Give Michel Therrien credit for this much: He got on-message in the minutes following the Penguins' 2-1 loss to New Jersey at Mellon Arena last Wednesday, and nothing was going to bump him off it.
Therrien fielded two questions during his post-game press conference -- one about the urgency of the team turning its season around before it drifts too far from the Eastern Conference playoff field, the other about the Penguins settling into last place in the Atlantic Division -- and gave identical responses to both: "It's still early in the season."
While no one asked Therrien, the Penguins' coach, the obvious follow-up -- "So, Coach, do you think it's still early in the season?" -- no one disputed that his team had 61 games remaining at that point.
In that sense, Therrien was correct. It is early.
Not too early, though, for the Penguins to be stranded on the dark side of .500.
For them to be marooned in 13th place in the East, as they were before facing Atlanta last night.
For them, before taking on the Thrashers, to be needing to play .600 hockey the rest of the way simply to earn the 92 points it took to claim the East's last playoff berth in 2006-07.
All of which means it isn't too early for general manager Ray Shero to seriously investigate -- and contemplate -- moves that can be made to re-establish the Penguins as a significant factor, if not an outright force, in the conference.
Negotiating trades is complicated and time-consuming in the salary-cap era because what a player can contribute on the ice isn't the only factor that must get deep consideration, but it's not as if there are only one or two facets of the Penguins' game that merit attention. At this point, there aren't many more than one or two that don't.
Now, it could be that the Penguins' 6-5 shootout victory in Ottawa Thursday will turn out to be a pivotal moment in their season, because they overcame a pair of two-goal deficits on the road against what might be the best team in the league, even though the Senators didn't look the part for much of that evening.
It's conceivable that the confidence the Penguins -- especially guys who had forgotten what it's like to see their name in a scoring summary -- took out of that game will help to fuel a surge through the standings, and reduce their performance during the first quarter of the season to an unpleasant memory.
Then again, what happened at Scotiabank Place might prove to be an aberration, because there have been a few other times this season -- like when they followed a 2-1 victory in Washington with a 1-0 shutout of the New York Rangers -- when the Penguins seemed to be getting in sync, and it ultimately ended up as an illusion.
That underscores the perils of evaluating situations based on a snapshot instead of the bigger picture.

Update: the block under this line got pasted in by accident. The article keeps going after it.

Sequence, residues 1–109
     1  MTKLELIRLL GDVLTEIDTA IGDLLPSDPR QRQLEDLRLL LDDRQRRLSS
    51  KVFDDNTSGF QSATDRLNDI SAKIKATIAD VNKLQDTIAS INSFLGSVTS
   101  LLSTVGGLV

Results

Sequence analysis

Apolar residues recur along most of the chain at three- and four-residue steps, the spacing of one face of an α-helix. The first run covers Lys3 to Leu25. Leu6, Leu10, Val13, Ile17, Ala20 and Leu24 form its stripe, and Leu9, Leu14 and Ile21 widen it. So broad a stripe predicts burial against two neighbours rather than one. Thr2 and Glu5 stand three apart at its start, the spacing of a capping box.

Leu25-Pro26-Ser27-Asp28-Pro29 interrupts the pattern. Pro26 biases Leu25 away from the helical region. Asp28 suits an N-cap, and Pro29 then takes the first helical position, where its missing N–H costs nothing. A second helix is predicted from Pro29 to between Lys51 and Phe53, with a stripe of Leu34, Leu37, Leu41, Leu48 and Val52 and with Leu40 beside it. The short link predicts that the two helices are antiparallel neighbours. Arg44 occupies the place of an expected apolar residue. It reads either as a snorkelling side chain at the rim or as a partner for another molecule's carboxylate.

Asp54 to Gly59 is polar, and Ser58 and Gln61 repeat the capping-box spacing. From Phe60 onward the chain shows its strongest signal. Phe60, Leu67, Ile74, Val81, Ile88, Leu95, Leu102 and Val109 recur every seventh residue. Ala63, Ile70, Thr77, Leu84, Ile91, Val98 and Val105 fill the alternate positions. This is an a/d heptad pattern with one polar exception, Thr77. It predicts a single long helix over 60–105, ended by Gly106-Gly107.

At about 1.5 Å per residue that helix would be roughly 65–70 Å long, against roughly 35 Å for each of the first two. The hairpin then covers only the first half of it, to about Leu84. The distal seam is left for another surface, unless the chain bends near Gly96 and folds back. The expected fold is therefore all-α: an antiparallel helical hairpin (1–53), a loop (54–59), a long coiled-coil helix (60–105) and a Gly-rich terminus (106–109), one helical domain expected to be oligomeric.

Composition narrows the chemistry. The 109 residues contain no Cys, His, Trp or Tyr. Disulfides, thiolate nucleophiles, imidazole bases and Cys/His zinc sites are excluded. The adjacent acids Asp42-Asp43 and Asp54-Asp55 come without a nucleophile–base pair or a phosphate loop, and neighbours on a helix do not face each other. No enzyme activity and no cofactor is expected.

And, through the first seven-plus weeks of the Penguins' season, that picture has been something less than a masterpiece.
Now, with five full days between last night's game and the Penguins' next one, against Dallas Friday at Mellon Arena, they have an opportunity not only to rest and regroup, but to be reconfigured, at least a little.
That doesn't mean a drastic move is mandatory -- this isn't the time to, say, auction off Sidney Crosby and Evgeni Malkin to the highest bidder and begin to rebuild around Chris Minard and Connor James -- and Shero's patience-based approach to developing the Penguins into a contender absolutely is the proper strategy for the long-term good of the franchise.
Nonetheless, the atmosphere in the dressing room was beginning to sour in recent days -- a fairly predictable occurrence when a team struggles the way the Penguins have been -- and the only antidote for that is winning. Which the current personnel mix has shown no ability to do with any regularity this season.
Shero has said repeatedly and forcefully for the past year that he won't fire Therrien -- the obvious asterisk there, of course, is that replacing the coach is a nuclear option no GM ever can take completely off the table -- and there's no indication he's wavering in his support of the coaching staff.
The Penguins came out of training camp with a few conspicuous needs, like a defenseman who plays physically and a goal-scorer winger or two, and those remain. The real concern, though, is that there appear to be more soft spots in the lineup.
That's what happens to a team when young players appeared to be fast-tracking toward being productive at this level regress. When players whose careers are winding down look not like reliable veterans, but simply look old.
There is no aspect of the Penguins' performance to date with which management should be particularly pleased.
Consequently, aside from the nucleus of players who are either elite young talents or have the potential to be there should be no untouchables when Shero is discussing potential trades.
That doesn't mean a roster-wide purge is in order but sticking with the status quo will become more of a high-risk strategy with every point the Penguins surrender if they don't start to string together some victories.
Because it might be getting later than some people realize.